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Intersex Awareness Day calls for equality and end to bigotry

Campaigners around the world insist intersex is not a 'disorder' and urge for end to medical 'normalization'
Gina Wilson, chair of Organization Intersex International Australia, hailed IAD as a 'call for our right to an equal place in society'

Activists around the world are celebrating the 16th Intersex Awareness Day (IAD), calling for an end to stigmatization and discrimination.

Intersex people are people who have physical differences of sex anatomy other, which may include genetic, hormonal or genital differences or differences in reproductive parts.

Today (26 October), campaigners hope to make as many people as possible aware of what intersex is and that it is not a disease, a disorder or a medical condition.

Gina Wilson, chair of Organization Intersex International Australia, hailed IAD as a 'call for our right to an equal place in society'.

She said: 'Intersex is difference in the same way that eye color or right or left handedness are differences or human biological variations.

'As with handedness or sexual orientation, societies have in the past looked upon human variations through the lens of prejudice and then sought ways to “cure” or eliminate that variation.

'At a fundamental level homophobic bigotry, intolerance and ancient superstitions underpin contemporary mistreatment of intersex people.

'Intersex people are subjected to forced gendering and surgical alterations to our bodies to “disappear” our differences in a society that regards difference in sex anatomy as deeply suspicious.'

Intersex Awareness Day was started in 1996 by the now defunct Intersex Society of North America with a demonstration outside the annual conference of the American Academy of Pediatrics in Boston.

Those picketing this event were outraged that the doctors attending the conference were recommending and conducting infant genital surgery on intersex kids in order to make them more 'normal'. Some of those protesting had been subjected to those kinds of surgery when they were infants.

The International Lesbian and Gay Association in Europe (ILGA-Europe) claims IAD is a 'great opportunity' to foster greater understanding of intersex people and work towards improving their human rights.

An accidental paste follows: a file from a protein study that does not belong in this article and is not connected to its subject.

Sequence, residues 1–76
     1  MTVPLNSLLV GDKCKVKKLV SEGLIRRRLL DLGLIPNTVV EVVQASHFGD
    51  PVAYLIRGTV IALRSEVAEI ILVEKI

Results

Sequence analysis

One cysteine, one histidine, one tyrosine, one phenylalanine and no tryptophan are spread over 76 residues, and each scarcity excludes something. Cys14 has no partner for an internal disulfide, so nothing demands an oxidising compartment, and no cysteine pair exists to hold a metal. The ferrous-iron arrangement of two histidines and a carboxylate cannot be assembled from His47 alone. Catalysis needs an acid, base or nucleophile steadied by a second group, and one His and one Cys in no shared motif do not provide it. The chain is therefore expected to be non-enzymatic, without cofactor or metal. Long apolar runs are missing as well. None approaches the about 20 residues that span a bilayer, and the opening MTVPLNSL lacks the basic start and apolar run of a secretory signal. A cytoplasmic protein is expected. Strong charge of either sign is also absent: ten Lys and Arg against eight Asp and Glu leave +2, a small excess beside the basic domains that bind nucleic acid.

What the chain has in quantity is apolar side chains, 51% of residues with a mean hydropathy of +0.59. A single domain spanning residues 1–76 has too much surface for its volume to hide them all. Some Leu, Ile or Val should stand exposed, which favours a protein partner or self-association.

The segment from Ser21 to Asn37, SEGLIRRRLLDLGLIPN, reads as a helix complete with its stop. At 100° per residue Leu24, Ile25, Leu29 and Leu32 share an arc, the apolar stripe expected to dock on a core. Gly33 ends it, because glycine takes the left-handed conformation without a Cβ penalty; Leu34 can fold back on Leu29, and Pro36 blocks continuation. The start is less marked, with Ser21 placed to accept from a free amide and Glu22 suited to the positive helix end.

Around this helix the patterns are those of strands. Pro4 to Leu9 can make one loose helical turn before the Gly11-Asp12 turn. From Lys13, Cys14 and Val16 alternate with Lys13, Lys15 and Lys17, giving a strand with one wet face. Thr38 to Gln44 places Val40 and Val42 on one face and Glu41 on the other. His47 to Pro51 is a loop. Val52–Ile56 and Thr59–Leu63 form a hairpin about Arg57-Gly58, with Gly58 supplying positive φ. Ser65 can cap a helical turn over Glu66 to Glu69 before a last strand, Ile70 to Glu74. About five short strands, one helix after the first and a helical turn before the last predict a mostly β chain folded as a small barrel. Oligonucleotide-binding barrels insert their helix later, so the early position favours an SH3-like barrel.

'Across Europe, babies who are born intersex, or those children who are identified as intersex later in their lives, are routinely "normalised" without prior personal and informed consent through intrusive and unnecessary surgeries and medical interventions which often have adverse long-term effects on their psychological, sexual and physical wellbeing.

'ILGA-Europe commends the European Commission for publishing a report that expressly covers the human rights situation of intersex people earlier this year, and calls on European institutions and national governments to review the practices that intersex people are subjected to in their respective jurisdiction and take the necessary actions for the full respect of their human rights.'

Transgender and Intersex Africa (TIA) released a statement in support of International Intersex Awareness Day earlier this week.

‘TIA believes that this day is a great opportunity to break the silence and stop the ignorance about the existence of the intersex community in South Africa,’ said the statement.

‘It is also an opportune time to highlight the challenges and struggle that intersex individuals face in our country, such as non-consensual and unnecessary genital mutilation of intersex babies.’

TIA are dedicating the 14 days from International Intersex Awareness Day until Intersex Day of Remembrance (8 November) to spreading information through social media, radio interviews and TV appearances.

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